Not to mention, with suicides, access to means has been a better statistical predictor than anything else, even mental illness. A person with no personal or family history of mental illness, but with a gun and a gas oven in their house, is at higher risk of killing themselves than a bipolar alcoholic with neither.

    • Re: (Score:2, Insightful)

      by Anonymous Coward

      A person with no personal or family history of mental illness, but with a gun and a gas oven in their house, is at higher risk of killing themselves than a bipolar alcoholic with neither.

      Knowing the mortality trends are for those with bipolar disorder - I'm going to have to call bullshit.

    • by ColdWetDog ( 752185 ) on Monday June 12, 2017 @12:50PM (#54603093) Homepage

      Not that I think this is a particularly useful bit of research but - the study's patients pretest probability of suicide was much higher than the general population. These are people who are ADMITTED TO A HOSPITAL with concerns of self harm. They've already passed a bunch of screens to separate them from everybody else.

      So you are talking a group of people that the current system thinks is at some non trivial risk of suicide and trying to figure out which ones are at the highest risk.

      So it's quite a bit more useful than some of the posters have been assuming. Still not sure how generalizable this will be, but give the researchers a bit of a break.

    • Re: (Score:2, Informative)

      by Anonymous Coward

      Suicide is a low probably event in the general population but their initial data set was not random, it was 5000 patients already exhibiting symptoms of self harm. Picking out the people in that group likely to kill themselves is a pretty impressive feat.

  • You could design a questionnaire that is just as accurate. Are we now going to call printed words on a piece of paper 'AI', too?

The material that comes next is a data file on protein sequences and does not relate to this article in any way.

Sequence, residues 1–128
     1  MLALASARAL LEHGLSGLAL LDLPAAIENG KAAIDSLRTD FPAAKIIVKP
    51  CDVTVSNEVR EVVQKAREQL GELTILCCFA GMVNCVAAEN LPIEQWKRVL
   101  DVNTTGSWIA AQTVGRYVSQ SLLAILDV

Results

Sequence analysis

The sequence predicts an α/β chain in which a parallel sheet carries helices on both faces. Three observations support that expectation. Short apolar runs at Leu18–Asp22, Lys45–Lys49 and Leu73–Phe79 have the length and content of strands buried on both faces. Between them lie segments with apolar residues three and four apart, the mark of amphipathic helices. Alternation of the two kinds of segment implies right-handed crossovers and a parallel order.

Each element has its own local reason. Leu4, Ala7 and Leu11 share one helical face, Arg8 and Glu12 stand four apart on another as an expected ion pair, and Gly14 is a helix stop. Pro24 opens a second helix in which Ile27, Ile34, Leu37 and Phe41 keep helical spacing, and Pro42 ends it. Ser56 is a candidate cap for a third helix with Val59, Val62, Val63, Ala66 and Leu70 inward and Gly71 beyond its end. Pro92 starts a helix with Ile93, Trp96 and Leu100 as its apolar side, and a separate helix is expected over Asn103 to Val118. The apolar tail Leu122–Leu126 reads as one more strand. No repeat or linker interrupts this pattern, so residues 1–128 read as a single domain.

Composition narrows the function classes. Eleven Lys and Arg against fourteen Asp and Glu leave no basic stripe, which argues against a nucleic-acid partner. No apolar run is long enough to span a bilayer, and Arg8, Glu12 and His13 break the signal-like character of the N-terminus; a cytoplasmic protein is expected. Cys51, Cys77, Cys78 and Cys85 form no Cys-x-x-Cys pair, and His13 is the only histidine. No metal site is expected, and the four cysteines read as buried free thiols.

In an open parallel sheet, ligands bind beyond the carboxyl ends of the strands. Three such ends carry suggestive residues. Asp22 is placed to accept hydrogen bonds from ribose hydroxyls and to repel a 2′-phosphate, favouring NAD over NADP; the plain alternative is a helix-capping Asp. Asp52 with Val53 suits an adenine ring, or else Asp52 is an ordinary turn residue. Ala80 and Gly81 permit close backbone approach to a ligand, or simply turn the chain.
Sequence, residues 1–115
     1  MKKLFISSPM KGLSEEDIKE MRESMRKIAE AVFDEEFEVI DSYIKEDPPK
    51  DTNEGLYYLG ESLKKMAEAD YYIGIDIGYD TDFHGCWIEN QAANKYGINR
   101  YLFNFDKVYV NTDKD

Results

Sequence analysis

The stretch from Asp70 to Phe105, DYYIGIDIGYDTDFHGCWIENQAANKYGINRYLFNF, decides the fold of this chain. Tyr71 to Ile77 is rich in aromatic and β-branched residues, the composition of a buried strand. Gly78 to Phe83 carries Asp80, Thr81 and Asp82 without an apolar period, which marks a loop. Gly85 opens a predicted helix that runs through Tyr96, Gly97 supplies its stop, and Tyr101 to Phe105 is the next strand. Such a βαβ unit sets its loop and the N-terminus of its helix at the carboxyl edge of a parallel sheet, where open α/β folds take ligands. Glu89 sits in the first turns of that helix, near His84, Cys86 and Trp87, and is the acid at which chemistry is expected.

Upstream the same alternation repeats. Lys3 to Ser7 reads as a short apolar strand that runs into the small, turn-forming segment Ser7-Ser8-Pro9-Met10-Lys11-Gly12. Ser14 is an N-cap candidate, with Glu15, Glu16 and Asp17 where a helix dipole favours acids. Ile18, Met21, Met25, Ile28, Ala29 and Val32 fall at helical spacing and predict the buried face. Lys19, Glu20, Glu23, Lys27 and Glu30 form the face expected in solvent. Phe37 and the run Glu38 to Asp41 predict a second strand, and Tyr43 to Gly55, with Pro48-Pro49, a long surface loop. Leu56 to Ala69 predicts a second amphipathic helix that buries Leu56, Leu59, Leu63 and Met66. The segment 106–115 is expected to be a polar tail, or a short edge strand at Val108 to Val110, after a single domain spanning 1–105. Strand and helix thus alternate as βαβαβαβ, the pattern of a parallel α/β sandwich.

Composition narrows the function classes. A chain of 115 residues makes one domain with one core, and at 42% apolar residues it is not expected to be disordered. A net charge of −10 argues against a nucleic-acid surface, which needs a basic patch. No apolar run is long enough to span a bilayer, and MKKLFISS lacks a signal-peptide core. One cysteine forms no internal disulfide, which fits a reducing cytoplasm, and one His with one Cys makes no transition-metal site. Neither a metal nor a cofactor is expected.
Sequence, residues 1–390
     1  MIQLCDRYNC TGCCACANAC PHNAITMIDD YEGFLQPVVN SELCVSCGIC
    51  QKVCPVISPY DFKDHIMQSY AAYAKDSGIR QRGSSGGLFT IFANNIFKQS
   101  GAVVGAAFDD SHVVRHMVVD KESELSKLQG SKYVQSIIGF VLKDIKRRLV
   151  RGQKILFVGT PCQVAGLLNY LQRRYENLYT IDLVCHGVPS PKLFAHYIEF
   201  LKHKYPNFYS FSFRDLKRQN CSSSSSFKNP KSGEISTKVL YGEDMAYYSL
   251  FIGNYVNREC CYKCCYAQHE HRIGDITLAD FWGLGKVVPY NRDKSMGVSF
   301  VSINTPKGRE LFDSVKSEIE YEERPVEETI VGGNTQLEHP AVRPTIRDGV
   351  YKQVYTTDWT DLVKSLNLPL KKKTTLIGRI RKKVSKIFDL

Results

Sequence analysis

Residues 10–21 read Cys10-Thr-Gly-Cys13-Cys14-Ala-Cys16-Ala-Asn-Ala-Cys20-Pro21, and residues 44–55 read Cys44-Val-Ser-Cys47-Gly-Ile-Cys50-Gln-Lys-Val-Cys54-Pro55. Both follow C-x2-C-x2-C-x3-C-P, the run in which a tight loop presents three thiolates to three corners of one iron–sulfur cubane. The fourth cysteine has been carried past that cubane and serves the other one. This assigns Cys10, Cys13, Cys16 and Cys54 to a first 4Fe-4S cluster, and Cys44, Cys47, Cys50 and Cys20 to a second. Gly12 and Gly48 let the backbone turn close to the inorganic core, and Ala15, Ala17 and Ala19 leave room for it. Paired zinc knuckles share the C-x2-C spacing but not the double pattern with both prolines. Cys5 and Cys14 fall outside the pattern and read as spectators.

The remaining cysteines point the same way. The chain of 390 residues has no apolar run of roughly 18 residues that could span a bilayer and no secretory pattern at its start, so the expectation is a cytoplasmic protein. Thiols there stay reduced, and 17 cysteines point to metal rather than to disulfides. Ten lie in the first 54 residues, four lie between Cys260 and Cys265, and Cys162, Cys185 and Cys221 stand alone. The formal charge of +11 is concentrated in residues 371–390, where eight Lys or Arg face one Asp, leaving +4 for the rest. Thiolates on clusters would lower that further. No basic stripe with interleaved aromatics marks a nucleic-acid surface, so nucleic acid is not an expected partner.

• I agree. It isn't a surprise that modern machine learning can recognize patterns. I don't see how this is even close to innovative. Now if it resulted in changing treatment offered to patients such that the outcomes were improved relative to current human Dr recommendations, then that would be interesting.
  • No, please. (Score:4, Interesting)

    by SCVonSteroids ( 2816091 ) on Monday June 12, 2017 @12:22PM (#54602873)

    As someone who's been down that road (but never gone through with an attempt), I automatically hate this invention. When depressed to that point, emotions tend to swing so hard and so fast that any mention of predictions during this state of mind is utmost bullshit.

    The very slightest of triggers can either send you overboard or keep you in one piece depending on how your inner conversation is going with yourself. This can be anything... a faint sound, perhaps a song that reminds you of good/shitty times, from a car passing by not too far away.

    I consider myself lucky to be both scared of the afterlife enough to have thoughts force second-guessings into me (although the older I grow the less I care), and have enough positive triggers to bring myself back. Nobody, not even myself, could predict if these will always work for me as well as they have however.

    Suicidal/depressive folks definitely need help, but not from the machines of this day and age. A positive trigger could well be overridden by a "fuck it", and it only takes a split second to follow through the act. You can't predict that kind of stuff with a high degree of accuracy, at least not yet.